3. Who is Duke actually playing at QB?
There are rumors to the effect that Daniel Jones might play, despite only just suffering a broken collarbone. If he’s cleared, then he’s playing. It’s why I included both on the stats up above. I can’t fathom the answer to this, but whether or not it matters doesn’t affect the fact that the defense is currently having to plan for both of them. Jones is slightly more traditional; he’s still probably the best quarterback in the ACC Coastal at the moment. If he’s not playing, Harris runs more and has a tendency to go downfield. Not sure which I actually think the Hokies would do better against.
4. So what’s the (psychological) damage?
After that loss, and the loss of their quarterback, the team is probably pretty wounded and embarrassed psychologically. If they didn’t get the message they should now- they’re too young and inexperienced to take anything for granted, and by failing to take ODU seriously and not making good in-game adjustments and general bored, disinterested play? They lost the goodwill they and their coach had earned. They’re back to square one. How will they respond? That’s the big question. If they come out flat against Duke, and make mental errors and blow assignments for the second game in a row, it’s going to mean that this is a long season that the fans will have to endure.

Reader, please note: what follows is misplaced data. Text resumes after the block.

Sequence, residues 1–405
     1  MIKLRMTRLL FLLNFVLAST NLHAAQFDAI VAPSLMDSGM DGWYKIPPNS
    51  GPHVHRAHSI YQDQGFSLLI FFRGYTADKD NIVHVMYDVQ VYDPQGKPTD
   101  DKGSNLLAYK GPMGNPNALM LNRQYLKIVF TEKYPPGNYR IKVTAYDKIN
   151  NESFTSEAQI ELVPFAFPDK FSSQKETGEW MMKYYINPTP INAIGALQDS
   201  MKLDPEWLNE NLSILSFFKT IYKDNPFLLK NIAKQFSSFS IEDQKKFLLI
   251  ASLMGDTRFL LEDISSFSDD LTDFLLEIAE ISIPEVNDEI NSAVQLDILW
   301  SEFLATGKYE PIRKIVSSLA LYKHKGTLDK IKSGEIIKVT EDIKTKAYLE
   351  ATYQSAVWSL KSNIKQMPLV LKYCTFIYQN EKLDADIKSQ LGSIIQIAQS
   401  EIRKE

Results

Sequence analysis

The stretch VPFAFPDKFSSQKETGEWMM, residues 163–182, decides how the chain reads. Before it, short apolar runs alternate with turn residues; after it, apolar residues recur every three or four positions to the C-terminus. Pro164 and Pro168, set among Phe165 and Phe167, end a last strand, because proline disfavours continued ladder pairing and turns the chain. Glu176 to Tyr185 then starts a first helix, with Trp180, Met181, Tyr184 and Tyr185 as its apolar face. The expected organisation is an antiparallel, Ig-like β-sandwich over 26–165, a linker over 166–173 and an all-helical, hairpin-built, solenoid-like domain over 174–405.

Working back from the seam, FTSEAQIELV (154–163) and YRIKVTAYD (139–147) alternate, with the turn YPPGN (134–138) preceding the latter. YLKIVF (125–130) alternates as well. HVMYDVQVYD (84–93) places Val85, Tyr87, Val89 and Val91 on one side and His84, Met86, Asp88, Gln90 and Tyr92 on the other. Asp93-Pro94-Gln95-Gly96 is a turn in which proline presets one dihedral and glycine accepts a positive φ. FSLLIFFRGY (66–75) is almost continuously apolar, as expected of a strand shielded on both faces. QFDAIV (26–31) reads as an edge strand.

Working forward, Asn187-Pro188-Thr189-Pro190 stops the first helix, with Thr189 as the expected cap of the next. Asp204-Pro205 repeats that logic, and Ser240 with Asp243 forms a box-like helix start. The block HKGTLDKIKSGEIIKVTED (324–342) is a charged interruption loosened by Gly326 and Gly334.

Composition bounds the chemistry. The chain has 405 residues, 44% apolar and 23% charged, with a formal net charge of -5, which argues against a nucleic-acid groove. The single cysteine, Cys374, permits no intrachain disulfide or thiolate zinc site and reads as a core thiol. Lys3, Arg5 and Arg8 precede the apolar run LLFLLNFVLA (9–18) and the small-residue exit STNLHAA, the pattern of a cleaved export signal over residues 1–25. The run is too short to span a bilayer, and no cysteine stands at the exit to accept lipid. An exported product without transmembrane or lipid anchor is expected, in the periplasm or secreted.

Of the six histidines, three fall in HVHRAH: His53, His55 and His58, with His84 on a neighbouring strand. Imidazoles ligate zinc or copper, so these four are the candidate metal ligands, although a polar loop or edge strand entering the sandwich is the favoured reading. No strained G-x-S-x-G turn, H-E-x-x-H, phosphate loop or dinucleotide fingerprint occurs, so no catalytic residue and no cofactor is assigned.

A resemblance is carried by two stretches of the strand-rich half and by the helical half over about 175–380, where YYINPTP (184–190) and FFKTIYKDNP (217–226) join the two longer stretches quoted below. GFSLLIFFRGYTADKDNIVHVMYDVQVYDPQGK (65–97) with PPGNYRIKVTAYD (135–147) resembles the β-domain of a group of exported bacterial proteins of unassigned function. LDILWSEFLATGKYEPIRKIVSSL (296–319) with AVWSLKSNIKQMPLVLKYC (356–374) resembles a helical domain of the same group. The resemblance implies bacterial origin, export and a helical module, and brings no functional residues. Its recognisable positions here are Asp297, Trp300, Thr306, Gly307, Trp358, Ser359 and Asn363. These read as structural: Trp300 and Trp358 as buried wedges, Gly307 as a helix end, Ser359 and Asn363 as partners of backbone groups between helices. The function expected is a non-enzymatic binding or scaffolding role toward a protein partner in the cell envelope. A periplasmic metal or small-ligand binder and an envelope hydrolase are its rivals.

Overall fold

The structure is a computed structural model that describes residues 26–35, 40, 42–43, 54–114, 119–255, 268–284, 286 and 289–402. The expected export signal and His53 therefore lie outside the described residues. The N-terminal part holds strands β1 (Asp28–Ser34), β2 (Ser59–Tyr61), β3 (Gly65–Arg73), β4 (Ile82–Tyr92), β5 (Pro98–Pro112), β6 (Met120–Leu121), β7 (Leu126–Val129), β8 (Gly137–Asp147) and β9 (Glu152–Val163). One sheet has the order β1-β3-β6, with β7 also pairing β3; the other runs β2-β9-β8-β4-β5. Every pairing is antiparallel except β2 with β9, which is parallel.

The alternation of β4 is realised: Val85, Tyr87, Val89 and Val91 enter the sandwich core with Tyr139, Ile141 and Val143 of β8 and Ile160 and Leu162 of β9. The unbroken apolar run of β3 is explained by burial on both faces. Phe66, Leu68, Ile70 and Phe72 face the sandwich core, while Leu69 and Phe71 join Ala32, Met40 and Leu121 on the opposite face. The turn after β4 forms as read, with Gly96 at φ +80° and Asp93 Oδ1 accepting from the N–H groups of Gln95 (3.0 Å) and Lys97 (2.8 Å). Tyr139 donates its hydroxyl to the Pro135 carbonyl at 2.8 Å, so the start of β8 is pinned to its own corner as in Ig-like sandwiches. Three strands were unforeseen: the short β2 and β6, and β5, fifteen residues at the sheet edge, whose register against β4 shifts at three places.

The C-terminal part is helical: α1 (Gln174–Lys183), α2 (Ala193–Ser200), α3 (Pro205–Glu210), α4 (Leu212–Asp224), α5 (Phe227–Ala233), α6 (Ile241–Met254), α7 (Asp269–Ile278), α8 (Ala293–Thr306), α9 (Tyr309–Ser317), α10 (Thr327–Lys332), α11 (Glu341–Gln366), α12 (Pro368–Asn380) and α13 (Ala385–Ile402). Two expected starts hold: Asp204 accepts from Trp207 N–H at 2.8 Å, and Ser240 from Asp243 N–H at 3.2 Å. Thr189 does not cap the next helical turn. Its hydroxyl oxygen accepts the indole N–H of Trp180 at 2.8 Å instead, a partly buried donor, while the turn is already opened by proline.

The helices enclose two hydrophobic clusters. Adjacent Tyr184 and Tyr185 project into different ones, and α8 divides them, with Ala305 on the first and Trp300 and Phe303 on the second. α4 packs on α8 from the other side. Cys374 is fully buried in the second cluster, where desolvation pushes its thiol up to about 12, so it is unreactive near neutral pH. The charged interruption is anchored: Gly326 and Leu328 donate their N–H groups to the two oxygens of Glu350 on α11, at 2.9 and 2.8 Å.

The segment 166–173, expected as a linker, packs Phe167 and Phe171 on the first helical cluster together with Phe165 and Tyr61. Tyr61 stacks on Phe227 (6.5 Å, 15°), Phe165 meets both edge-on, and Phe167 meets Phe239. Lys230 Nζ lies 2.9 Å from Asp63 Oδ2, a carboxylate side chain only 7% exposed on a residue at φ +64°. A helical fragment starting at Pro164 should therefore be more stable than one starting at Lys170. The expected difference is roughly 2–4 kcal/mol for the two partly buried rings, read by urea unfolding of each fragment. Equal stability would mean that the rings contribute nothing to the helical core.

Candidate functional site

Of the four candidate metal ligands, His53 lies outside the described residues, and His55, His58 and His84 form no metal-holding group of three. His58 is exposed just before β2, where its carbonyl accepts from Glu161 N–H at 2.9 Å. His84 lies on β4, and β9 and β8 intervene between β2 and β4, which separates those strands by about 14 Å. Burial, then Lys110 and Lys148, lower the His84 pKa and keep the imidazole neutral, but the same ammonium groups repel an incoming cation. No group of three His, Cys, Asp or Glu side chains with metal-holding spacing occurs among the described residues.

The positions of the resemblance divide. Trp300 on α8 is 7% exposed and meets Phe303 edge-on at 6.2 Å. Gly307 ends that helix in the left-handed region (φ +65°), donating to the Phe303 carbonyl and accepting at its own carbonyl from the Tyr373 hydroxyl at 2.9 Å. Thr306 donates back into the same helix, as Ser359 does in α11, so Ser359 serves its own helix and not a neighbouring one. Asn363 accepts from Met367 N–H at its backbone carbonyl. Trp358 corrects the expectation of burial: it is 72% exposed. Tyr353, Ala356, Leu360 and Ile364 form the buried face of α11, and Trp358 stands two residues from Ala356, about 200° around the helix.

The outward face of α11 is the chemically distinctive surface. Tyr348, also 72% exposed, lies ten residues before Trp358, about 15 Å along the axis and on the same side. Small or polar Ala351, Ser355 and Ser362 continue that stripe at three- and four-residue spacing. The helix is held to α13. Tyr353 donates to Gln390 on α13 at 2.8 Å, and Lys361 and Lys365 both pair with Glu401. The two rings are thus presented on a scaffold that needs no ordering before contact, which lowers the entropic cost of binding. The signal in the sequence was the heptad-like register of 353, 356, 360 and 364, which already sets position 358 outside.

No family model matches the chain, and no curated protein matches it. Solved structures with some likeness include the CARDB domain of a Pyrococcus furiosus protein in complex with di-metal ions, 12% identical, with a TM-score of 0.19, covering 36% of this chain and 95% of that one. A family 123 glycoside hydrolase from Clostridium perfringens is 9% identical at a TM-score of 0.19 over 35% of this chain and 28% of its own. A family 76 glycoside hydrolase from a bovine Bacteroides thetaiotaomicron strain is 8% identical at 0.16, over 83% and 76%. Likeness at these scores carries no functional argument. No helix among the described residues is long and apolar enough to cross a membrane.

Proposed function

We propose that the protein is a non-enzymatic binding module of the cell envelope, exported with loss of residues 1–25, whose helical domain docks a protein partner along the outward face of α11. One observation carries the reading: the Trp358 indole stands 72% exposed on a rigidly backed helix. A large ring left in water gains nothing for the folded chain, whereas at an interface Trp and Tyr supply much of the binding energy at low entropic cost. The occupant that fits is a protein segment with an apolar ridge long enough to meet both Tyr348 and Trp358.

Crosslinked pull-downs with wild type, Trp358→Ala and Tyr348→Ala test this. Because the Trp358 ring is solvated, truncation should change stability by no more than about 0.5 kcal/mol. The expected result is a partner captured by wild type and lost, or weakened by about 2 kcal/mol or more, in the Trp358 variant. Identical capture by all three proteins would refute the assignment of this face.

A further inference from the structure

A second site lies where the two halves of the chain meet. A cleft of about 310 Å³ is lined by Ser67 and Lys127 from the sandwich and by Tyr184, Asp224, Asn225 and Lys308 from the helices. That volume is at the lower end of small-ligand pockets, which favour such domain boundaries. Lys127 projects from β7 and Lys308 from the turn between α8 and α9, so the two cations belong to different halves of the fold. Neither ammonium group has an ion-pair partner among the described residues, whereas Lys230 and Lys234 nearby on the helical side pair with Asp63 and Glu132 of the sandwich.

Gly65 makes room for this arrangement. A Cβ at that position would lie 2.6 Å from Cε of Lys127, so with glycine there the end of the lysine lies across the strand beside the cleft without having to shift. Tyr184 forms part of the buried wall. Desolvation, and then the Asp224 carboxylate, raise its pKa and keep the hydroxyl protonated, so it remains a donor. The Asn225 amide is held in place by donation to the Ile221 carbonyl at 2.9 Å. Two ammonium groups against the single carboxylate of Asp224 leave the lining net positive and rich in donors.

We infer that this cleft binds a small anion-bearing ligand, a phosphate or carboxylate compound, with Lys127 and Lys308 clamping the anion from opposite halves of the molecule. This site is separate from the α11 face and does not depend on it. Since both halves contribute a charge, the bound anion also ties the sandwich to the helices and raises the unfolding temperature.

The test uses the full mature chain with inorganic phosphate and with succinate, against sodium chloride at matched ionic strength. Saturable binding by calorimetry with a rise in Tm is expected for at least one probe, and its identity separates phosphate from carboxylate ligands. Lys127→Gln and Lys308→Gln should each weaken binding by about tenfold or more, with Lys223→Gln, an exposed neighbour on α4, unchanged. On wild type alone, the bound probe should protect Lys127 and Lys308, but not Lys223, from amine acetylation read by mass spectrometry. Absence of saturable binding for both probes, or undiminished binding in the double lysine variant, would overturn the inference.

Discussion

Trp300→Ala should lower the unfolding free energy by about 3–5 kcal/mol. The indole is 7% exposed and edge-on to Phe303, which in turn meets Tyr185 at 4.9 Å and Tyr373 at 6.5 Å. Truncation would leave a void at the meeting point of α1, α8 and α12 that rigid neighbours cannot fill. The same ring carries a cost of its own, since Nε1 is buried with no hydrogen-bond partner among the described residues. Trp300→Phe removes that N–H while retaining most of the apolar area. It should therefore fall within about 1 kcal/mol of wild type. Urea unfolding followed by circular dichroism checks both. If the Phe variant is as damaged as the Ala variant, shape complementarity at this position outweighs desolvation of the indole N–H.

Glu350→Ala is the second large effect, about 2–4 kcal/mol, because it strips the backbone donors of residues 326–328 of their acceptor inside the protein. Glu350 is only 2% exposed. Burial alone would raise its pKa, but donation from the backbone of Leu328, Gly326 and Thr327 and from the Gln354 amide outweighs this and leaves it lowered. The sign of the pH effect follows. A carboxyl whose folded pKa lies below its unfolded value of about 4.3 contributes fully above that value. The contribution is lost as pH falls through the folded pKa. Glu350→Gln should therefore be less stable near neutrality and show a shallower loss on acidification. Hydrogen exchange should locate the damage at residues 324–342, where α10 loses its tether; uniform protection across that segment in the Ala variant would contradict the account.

5. Duke’s not going to make mistakes
Bottom line is that David Cutcliffe is a really, annoyingly good coach that will have Duke ready to play. The coaches know it. Both staffs have a lot of respect for the other:
It's love on David Cutcliffe week at Virginia Tech. #Hokies DC Bud Foster said Duke is annually the best prepared team he faces.— Mike Barber (@RTD_MikeBarber) September 25, 2018
And looking at the statistics, his reputation as a solid COACH that has his team operating as well as it can be considering their limitations in recruiting and funding. The Hokies are going to have to do what most teams haven’t been able to do- force Duke to turn the ball over and make mistakes. The Hokies haven’t been supremely successful at that since the Florida State game, and that has become an obviously lower-quality win than everyone had envisioned. Can the Hokies get Duke to break? That’s the big question.